|Sri Lankan Roti , photo by Food and Spice Blogspot|
- 2 cups all purpose Flour (maida)
- 1 Onion, peeled and chopped finely
- 2 Green chillies, deseeded and chopped finely
- 1 cup fresh grated Coconut
- 6-9 fresh Curry leaves
|Making hoppers for lunch, photo by Mary M Payne|
Each meal, our guide, Dee is sure to introduce us to a new Sri Lankan dish. By now we have sampled quite a variety of popular Sri Lankan foods. Today's winner is a pumpkin soup with coconut milk. And we all now love roti although I should have asked Waruna how you can tear the roti with only the right hand, which is the Sri Lankan custom.
He and I had quite a discussion one day about eating with the right hand and the ability to take a bit of this and that in your hand and more easily design the mouthful you want. But that was before I tried to tear a roti bread in two. But I have heard that the right hand only is not a sacred rule anymore.
I do think I missed out on not trying to eat with my fingers as Sri Lankans feel that adding that extra sense of touch makes a huge difference in a dining experience. And we were always offered western cutlery wherever we went.
|Grahame and Dave get ready for a tasty lunch. photo by Anna Mayall|
Next we are off to the train station at Bandarawala. We wait till one of the station masters has a minute to explain the token system which prevents trains from colliding on the tracks.
The system started with the block system in Britain and was adopted by the British in Sri Lanka at the time of the plantation era.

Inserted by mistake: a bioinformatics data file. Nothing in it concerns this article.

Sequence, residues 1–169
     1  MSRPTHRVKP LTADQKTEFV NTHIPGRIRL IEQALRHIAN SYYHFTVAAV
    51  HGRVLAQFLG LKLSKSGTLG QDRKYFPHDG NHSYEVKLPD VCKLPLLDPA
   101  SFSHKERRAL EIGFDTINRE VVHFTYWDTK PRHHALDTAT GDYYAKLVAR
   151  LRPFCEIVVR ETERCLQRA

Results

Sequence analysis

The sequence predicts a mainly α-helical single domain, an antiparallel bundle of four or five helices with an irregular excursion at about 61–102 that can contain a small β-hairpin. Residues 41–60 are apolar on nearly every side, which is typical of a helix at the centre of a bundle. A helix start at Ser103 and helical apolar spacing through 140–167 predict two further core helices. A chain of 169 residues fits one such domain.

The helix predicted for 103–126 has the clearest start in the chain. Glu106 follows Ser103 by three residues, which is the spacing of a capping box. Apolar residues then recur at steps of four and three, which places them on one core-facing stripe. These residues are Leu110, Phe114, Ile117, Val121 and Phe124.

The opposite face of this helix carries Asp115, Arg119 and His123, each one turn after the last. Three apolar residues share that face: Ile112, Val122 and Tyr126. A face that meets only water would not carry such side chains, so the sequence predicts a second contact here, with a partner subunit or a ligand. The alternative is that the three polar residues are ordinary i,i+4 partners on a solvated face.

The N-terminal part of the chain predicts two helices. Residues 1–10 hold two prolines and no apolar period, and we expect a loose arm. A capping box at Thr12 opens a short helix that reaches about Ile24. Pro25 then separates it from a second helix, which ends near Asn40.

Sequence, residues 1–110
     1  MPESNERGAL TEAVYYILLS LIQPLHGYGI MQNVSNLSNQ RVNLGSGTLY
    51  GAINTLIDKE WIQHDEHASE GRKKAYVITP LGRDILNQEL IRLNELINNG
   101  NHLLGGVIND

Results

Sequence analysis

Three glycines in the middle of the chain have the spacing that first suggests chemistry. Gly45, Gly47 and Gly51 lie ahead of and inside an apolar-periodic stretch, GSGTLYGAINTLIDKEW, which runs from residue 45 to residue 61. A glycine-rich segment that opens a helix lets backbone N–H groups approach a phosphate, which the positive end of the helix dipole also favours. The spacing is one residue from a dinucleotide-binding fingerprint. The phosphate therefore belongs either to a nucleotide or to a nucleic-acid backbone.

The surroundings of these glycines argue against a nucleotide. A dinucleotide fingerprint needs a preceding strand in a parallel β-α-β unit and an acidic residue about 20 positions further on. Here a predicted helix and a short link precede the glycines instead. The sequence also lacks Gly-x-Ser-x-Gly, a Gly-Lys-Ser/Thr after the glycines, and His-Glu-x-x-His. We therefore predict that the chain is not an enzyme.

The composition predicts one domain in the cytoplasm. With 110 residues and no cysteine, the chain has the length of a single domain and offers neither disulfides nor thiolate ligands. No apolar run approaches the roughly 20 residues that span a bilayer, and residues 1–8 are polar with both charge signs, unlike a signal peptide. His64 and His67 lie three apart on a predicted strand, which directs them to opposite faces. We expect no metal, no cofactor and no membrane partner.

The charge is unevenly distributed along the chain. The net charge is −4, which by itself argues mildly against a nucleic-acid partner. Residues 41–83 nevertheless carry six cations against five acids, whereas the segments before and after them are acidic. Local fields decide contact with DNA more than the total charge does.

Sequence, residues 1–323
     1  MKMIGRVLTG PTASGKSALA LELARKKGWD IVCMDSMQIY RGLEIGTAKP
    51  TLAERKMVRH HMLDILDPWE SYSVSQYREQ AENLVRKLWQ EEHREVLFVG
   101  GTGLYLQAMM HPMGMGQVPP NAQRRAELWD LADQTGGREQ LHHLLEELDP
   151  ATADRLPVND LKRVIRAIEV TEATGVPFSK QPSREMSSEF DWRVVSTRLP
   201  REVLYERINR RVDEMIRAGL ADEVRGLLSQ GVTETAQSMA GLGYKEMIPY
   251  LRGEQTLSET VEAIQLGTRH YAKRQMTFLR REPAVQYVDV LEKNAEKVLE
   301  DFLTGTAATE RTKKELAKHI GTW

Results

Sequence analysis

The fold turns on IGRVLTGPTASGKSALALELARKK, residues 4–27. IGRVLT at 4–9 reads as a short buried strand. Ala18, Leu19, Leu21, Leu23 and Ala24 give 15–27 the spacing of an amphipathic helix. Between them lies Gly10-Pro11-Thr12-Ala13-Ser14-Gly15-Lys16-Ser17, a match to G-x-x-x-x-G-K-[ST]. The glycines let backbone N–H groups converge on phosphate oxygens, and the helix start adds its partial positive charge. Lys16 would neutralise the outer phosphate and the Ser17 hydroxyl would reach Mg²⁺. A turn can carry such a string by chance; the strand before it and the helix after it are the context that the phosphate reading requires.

"The 'absolute block system' came into use gradually during the 1850s and 1860s and became mandatory in the United Kingdom after Parliament passed legislation in 1889 following a number of accidents, most notably the Armagh rail disaster."
"On some single track railways in the UK, particularly those with low usage, it is common to use the token systems that rely on the train driver's physical possession of a unique token as authority to occupy the line, normally in addition to fixed signals." Wikipedia
This is what they were using on the rail system in Sri Lanka. The token is slipped into its leather ring so the station master can hand it over manually to the driver of the incoming train. Once he has placed it in his machine and a token is inserted in these red boxes the control of the line is in effect.
|One hundred and fifty year old British machines still in use on rail lines of Sri Lanka, photo by Mary M Payne|
|Boarding at Banarawela, photo by Mary M Payne|
|The token slipped into its leather ring, Sri Lanka, photo by mary m payne|
|Station master awaits hand off of token to driver of incoming train, photo by mary m payne|
|Sign in the train, Sri Lanka, photo by mary m payne|
The ride itself was un-inspired due to a sudden heavy downpour and a hoard of European back-packers who had a claim on all the seats. Halfway through the ride we got a break and sat down in an open car with Dee opening the windows to the rain to let us at least glimpse the muddy waterfalls along the way.
|Token system, photo by Mary M Payne|
At the other end of our ride I photographed Station master in possession of the precious token.
At this point Dave and I felt indeed "differently abled" as we were now wet and tired from our day. But there was more to come. Dee had alerted a friend of hers who was the Chief Station Master of all the others and he arrived to kindly offer us tea and a lovely piece of butter cake in his office.
But it was too little, too late. Not a few of us were exhausted from the long day and wanted nothing more than to board our little bus.
Arriving at the guest house, I didn't even have the energy (or the grace) to go up to the main house and excuse Dave and I from the evening meal. We threw our suitcases together and it seems we were asleep as soon as we crawled into bed.
I probably dreamed of those little faces at the nursery school and the many handsome white uniformed station masters.